Nobody would deny that 1964 was among the most pivotal years in rock and roll. Nobody except Lester, a guy I worked with decades ago. He was an idiot. The Beatles and the other artists who stormed the US pop charts during the first British Invasion made an indelible impact on contemporary music and culture. Motown was ascending and producing classic singles. Girl groups were still hanging around creating pop perfection. Bob Dylan was making himself known, messing with the vocals one expected on a hit record. And Dionne Warwick was already the queen of Twitter.
Here are thirty songs that partly defined 1964. Take note, Lester.
This week I’m reviving a feature I used to do on Tunes du Jour – Throwback Thursday, with each week focusing on a different year in the rock and roll era. This week we’ll listen to the music of 1966. Some notable events:
The Mamas & the Papas had their first hit with “California Dreamin’.” Perhaps you’ve heard it.
Simon & Garfunkel had their first top 40/top 10/#1 single in the US with “The Sounds of Silence.” The duo had actually broken up already and were unaware that their record label released a version of their 1964 acoustic recording on which electric guitar and drums were added.
Bob Dylan released his game-changing album Blonde On Blonde, a staple of greatest albums of all-time lists since.
? and the Mysterians released their debut single, “96 Tears.” Perhaps you’ve heard it.
Producer Phil Spector released what he considered to be his best work – Ike & Tina’s Turner “River Deep – Mountain High.” In actuality, Ike had nothing to do with the recording. Though a hit in the UK and several European countries, the single stalled at #88 in the US, leading Spector to retire for two years and produce far less frequently following that.
Percy Sledge released his debut single, “When a Man Loves a Woman.” Perhaps you’ve heard it.
The Beatles performed their last official concert at Candlestick Park in San Francisco.
The Supremes scored two more #1 pop singles plus another two that went top ten. During their career the group would have 12 #1s and 20 top tens. Many more hits followed for the trio’s usual lead singer, Diana Ross. Perhaps you’ve heard of her.
New York City’s WOR became the first FM radio station in the US with a rock format.
A movie director takes words on a page, a script, and brings them to life, guiding actors to deliver the best performances possible and deciding on the best ways to convey the story. A music producer plays the same roles in the creation of a record, taking words on a page, a song, and brings them to life, guiding singers and musicians to deliver the best performances possible and providing input as to how the recorded song should sound.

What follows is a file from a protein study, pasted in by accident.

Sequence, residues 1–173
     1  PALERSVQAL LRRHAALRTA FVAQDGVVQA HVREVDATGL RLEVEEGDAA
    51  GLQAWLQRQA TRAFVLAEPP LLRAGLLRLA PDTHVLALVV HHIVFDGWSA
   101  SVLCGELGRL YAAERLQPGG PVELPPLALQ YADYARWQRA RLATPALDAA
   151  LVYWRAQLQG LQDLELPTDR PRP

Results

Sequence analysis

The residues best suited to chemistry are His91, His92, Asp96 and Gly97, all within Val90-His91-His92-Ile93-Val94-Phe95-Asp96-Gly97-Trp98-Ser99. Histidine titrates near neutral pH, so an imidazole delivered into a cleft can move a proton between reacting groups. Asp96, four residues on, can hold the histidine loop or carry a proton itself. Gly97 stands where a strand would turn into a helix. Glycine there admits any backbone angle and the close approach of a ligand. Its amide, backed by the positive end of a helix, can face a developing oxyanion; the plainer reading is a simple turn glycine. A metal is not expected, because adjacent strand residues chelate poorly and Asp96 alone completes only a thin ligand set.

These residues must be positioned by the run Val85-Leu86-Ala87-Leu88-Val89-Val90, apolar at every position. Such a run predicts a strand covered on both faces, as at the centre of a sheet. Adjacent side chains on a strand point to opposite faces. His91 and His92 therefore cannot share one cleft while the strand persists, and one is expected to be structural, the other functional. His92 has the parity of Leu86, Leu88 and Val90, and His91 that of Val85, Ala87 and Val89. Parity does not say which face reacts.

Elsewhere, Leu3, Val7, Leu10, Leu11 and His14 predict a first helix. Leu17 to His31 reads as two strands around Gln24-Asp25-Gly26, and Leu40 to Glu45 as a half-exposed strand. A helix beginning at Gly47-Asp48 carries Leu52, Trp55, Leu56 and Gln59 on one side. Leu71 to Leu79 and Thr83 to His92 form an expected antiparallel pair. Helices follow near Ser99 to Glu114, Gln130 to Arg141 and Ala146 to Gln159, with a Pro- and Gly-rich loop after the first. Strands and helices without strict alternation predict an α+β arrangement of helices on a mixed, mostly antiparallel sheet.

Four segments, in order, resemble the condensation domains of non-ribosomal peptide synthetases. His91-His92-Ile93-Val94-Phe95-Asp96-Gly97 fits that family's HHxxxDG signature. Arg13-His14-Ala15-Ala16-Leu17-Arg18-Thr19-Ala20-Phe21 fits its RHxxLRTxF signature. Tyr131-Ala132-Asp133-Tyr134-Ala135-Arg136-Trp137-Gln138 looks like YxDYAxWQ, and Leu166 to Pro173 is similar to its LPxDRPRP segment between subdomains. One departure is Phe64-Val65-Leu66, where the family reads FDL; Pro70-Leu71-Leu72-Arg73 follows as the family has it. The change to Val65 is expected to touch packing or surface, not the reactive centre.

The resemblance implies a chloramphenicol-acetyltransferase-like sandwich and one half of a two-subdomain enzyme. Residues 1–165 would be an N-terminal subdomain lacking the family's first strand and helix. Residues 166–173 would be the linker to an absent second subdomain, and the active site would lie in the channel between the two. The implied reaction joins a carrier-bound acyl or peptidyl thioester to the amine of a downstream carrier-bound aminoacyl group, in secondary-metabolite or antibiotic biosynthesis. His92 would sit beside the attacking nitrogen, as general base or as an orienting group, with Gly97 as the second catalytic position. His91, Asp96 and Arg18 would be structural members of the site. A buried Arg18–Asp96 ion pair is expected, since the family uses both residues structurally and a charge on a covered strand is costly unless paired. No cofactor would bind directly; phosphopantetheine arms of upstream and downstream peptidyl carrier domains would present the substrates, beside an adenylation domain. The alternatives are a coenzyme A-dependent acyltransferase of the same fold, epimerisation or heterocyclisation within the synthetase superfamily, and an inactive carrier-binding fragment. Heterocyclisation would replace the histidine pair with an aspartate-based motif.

Sir George Martin, born on January 3, 1926, is recognized as one of the most influential producers in the history of pop music. He is best known for producing all of the albums by The Beatles except for Let It Be. It was Martin who suggested the string quartet on “Yesterday.” It was Martin, with recording engineer Geoff Emerick, who combined two distinct recordings of “Strawberry Fields Forever,” played in different keys and at different tempos, into the one with which you’re familiar. Martin suggested speeding up a ballad Paul McCartney and John Lennon wrote, which resulted in the #1 hit “Please Please Me.” His production of “I Feel Fine” includes one of the earliest uses of guitar feedback. Martin conduction the string section on “Eleanor Rigby.” He brought in a 40-piece orchestra for “A Day in the Life.” On “Tomorrow Never Knows,” Martin’s use of tape loops, reversing a recording of a guitar solo in playback, and having Lennon’s vocals go through an organ’s speaker, helped Lennon achieve his desire of a recording to sound like his mind on LSD. He played piano on “In My Life,” and sped up his recording of the piano part to match the song’s tempo. He suggested the group replace original drummer Pete Best.
Sir George, who died in 2016, also produced artists other than The Beatles. Here are thirty of his finest productions.
Inspired by the December 27 birthday of Paramore’s Hayley Williams; the December 26 birthdays of The Shins/Broken Bells’ James Mercer, Uncle Tupelo’s Jay Farrar, The Hues Corporation’s Fleming Williams, and producer Phil Spector; and Boxing Day.